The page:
On balance, one might conclude that the Caps played well in the shallow end of the pool.  This is not a team that goes out in the deep water for a high-impact free agent.  The salary cap limits the Caps’ ability to do that, what with their heavy commitments of cap room to roster players such as Alex Ovechkin, Nicklas Backstrom, and Mike Green (31.8 percent of the 2012-2013 cap).  But even if it did not, it is not as if the Caps have derived great value from recent, more high-priced unrestricted free agent signings.  Joel Ward is a nice complementary player, but at $3.0 million a year?  The Caps got a decent season out of Roman Hamrlik in 2011-2012, but got almost nothing from him for a $3.5 million annualized cap hit in 2013 before he was waived.  The Caps appeared to go for low-risk role players through free agency.  It was modest ambition, but in that context it worked out perhaps better than one might have expected.


Here is the list of trades recorded by the Caps over the past 12-plus months, spanning their elimination from the 2012 playoffs and the end of their 2013 season (click the picture for a larger image):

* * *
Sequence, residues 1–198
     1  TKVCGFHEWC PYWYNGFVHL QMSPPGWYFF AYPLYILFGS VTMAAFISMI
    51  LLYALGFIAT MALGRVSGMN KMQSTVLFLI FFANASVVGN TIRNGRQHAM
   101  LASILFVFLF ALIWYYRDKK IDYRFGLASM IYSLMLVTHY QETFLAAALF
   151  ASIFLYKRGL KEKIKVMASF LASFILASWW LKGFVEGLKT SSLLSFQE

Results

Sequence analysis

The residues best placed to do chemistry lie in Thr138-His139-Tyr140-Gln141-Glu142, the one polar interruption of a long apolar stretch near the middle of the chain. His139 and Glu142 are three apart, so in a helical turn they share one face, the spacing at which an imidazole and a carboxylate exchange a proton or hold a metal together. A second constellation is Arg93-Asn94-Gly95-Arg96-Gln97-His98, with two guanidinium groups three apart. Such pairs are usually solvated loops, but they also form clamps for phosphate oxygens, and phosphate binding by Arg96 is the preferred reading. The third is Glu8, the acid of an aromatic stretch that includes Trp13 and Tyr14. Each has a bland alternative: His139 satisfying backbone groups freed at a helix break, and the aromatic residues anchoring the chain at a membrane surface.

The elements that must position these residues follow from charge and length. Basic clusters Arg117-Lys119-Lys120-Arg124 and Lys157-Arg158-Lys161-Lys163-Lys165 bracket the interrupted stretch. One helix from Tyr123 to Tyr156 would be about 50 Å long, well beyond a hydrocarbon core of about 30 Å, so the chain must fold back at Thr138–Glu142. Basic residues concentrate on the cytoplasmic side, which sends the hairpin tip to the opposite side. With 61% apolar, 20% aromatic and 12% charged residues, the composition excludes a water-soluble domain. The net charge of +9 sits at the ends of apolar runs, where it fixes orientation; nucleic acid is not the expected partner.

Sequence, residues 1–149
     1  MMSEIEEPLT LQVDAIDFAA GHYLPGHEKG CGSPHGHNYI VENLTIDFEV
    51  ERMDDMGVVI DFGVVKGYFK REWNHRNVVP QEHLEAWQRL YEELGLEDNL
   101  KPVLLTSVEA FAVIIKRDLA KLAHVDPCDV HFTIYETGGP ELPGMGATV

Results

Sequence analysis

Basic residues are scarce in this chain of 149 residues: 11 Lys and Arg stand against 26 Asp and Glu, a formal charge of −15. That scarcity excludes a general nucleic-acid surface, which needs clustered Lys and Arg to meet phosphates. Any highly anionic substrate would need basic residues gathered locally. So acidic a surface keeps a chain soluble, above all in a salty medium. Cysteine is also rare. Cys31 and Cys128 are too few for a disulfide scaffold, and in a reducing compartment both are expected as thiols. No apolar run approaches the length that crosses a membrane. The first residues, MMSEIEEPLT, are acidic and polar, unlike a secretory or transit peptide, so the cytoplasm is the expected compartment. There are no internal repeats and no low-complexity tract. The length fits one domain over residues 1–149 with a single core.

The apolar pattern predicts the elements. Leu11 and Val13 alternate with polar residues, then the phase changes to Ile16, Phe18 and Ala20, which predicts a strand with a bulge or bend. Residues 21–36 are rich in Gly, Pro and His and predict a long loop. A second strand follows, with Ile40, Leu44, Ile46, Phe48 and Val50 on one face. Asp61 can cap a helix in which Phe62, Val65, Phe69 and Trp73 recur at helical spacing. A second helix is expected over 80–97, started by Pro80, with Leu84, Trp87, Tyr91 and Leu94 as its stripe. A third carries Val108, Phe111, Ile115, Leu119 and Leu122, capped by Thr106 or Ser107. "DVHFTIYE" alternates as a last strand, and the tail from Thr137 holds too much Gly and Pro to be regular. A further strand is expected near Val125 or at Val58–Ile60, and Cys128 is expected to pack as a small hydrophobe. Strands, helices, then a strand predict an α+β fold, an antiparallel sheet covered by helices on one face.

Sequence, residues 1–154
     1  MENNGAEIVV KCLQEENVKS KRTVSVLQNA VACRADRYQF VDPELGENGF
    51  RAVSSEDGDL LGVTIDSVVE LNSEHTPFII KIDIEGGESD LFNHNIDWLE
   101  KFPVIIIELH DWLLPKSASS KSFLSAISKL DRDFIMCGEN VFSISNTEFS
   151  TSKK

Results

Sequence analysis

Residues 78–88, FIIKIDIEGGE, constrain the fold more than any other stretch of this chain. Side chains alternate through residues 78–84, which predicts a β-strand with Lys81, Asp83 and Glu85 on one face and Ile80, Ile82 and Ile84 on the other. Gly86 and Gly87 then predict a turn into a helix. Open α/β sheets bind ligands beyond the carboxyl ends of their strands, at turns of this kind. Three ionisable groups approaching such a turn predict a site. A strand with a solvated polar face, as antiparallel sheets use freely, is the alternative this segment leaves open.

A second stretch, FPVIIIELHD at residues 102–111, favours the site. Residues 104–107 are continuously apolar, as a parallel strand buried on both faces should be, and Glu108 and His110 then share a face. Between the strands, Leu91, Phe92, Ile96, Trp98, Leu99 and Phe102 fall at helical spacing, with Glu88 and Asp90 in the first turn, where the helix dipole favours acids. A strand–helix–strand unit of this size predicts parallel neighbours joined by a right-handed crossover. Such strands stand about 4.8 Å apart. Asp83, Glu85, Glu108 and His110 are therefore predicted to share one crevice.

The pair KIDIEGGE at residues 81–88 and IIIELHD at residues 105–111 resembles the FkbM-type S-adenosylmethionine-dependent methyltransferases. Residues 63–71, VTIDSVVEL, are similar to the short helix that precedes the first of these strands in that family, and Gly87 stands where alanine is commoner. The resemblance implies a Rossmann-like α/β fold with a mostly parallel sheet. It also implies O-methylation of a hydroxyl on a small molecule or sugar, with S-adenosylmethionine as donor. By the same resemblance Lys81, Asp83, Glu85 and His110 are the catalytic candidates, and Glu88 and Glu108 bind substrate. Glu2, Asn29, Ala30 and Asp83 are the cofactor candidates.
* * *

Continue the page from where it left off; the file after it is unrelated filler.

And here are the incoming/outgoing results:

There are two trades of note here, one early and one late.  Last June the Caps sent Cody Eakin and a 2012 second-round draft pick to Dallas for Mike Ribeiro.  In terms of the here-and-now, it was a deal that favored the Caps.  Both players finished by playing in all 48 games of the abbreviated season.  However, Ribeiro had more goals (13 to 7), more assists (36 to 17), more points (49 to 24), had a superior power play scoring line (6-21-27 to 3-0-3), and played in almost three more minutes per game (17:50 to 15:05).  The Caps made the playoffs, in large part due to the contributions of Ribeiro, while the Stars did not.